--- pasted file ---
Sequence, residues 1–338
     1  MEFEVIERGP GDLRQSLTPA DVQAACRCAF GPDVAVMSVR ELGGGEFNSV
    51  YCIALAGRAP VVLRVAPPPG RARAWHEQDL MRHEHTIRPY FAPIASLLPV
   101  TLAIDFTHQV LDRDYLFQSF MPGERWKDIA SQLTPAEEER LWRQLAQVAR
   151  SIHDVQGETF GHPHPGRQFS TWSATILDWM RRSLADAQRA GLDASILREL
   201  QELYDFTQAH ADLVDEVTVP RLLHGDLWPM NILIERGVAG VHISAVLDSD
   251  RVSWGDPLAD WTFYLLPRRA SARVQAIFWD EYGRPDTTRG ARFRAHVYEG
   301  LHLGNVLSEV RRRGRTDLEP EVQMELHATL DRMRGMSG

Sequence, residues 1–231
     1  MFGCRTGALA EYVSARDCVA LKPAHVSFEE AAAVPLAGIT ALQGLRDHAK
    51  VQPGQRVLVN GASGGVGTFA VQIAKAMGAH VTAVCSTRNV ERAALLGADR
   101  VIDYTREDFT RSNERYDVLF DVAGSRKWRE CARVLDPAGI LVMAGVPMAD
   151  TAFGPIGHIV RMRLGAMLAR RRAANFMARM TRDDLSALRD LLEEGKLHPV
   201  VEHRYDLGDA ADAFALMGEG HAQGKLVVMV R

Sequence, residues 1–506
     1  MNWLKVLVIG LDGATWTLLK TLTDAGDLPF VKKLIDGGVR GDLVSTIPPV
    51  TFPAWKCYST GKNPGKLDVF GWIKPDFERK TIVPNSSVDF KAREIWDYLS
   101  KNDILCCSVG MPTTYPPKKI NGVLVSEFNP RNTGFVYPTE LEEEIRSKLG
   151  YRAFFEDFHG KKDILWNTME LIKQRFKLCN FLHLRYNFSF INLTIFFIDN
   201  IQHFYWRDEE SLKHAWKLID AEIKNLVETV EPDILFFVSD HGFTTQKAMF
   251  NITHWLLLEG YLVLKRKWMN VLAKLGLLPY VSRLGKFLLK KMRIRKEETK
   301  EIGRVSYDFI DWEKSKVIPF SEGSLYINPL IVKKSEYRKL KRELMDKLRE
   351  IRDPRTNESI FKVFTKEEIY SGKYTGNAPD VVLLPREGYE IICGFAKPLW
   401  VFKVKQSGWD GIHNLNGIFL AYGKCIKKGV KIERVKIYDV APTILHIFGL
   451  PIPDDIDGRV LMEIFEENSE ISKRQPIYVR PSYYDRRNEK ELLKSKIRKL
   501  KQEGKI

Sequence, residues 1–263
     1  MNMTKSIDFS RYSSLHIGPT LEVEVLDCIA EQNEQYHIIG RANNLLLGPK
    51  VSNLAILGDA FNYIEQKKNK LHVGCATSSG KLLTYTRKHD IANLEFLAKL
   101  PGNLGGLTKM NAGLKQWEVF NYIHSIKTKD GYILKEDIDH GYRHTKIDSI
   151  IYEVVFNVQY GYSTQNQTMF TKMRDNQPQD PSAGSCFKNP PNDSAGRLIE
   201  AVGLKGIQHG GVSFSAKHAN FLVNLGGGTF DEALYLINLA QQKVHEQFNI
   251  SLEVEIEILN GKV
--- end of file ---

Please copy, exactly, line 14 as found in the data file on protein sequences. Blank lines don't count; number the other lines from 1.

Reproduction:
   201  VEHRYDLGDA ADAFALMGEG HAQGKLVVMV R